fnet would be utterly useless without
the full approval of the President. It
Is expected from his refusal to line up
behind the conference that he will
stand with the President in what may
he the most bitter fiht between the
lTesldent and Congress.
Editorial comment on the Chamberlain-Wilson
clash continues In Eastern
papers. The New Tork World came
back today with another slam at Sen
ator Chamberlain, saying the Presi
dent was fully justified In making; his
"The Chamberlain speech was a de
liberate attack upon the Government
In order to Incite public sentiment in
favor of the war cabinet bill that was
Its only excuse.
"Senator Chamberlain, assures us
that the public Is entitled to the confi
dence of the committee that framed
this bllt Perhaps, then, he will begin
by telling why the President was never
consulted and learned about It only at
rarer Chasapleaa (hasa W-rlala.
The New Tork Times says: "Presi
dent Wilson can sharply reprove Sen
ator Chamberlain for raying that the
war service of the Administration has
fallen down but he cannot reprove the
people of the United States, who are
very much of Chamberlain's opinion.
The people ar saying what Senator
Chamberlain said not In bis words
but in words of like import.
"Toes the President know what the
WASHINGTON. Jan. 2J- Republi
cans of the House In conference to-
nls-ht voted 75 to Iff m favor or me 1 niftnnmtii viaii in nApn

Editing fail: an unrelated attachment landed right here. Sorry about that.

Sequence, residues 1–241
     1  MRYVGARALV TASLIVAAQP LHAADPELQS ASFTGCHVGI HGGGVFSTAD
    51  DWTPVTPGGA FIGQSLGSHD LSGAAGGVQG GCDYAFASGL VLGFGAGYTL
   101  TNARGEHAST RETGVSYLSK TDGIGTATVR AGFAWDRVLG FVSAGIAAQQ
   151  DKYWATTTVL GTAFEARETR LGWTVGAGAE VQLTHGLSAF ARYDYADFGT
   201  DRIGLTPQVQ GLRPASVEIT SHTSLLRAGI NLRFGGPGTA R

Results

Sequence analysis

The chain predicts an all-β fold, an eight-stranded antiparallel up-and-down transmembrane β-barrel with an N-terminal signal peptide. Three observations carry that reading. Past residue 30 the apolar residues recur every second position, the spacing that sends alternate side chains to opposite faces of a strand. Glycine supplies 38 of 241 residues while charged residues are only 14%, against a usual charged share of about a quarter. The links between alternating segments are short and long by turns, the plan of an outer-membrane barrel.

creation of a department or bureau
UIMiKIIYllilAIIUJ. 15 NUItU
of munitions and ordnance with a dl-j
rector appointed by the President.
There was some discussion of the
war council proposal, but no attempt Northwest Lumbermen Want
waa made to put the conference on
record In regard to It. VI UCI IWIdUC UCIIU dl.
When the vote was announced' the
point of no quorum was made ana me
conference adjourned, leaving the way
open for another discussion of the - OUTPUT WOULD BE CUT
The resolution follows
"Where, In the conduct of the ex-
iatln-r wr (h RontlbllCAn members Of
I a r 1 a -r- . . .a -r- s . a
th House of Representatives have .-iiumicu nrc - iinuic 10 inatrsiana
taken the position that there should wh Government Should Not
Extend Proposed Action to
OR EGONIAN NEWS BUREAU. Wash
ington. Jan. 23. Senator Jones today
be no partisanship, but that all Ameri
cans should be united In the support
of the Government In pressing the war
to a successful conclusion, and In vot
ing ungrudgingly the Administration
all the resources and powers to that
end and will continue so to do; and
Whereas. The need of a united coun
ir, u-,.nu. iU " wrote the President protesting against
due to the overlapping Jurisdiction of tn establishment by executive order
the bureaus and departments or for or an eignt-nour day in the lumber
other causes revealed by Congressional I mills and logging camps of Oregon and
investigations It is their patriotic duty I Washington unless the eight-hour day
to suggest remedies for such condl-1 is made to apply generally throughout
lions; therefore be It I the country.
Resolved. That it Is the sense of I The Senator says his attention has
this conference that there should -be been called to the fact that Secretary
created a department or bureau of mu-I of Labor Wilson and the mediation
nltlons and ordnance, the director of I board have recommended the Issuance
which shall be appointed by the Presl-1 of such an order applicable only on
dent, confirmed by the Senate, and be I the Pacific Coast and not applying to
Immediately responsible to the Presl-1 competing mills In the South and
dent to systematize the manufacture other sections.
snd purchase of ordnance and muni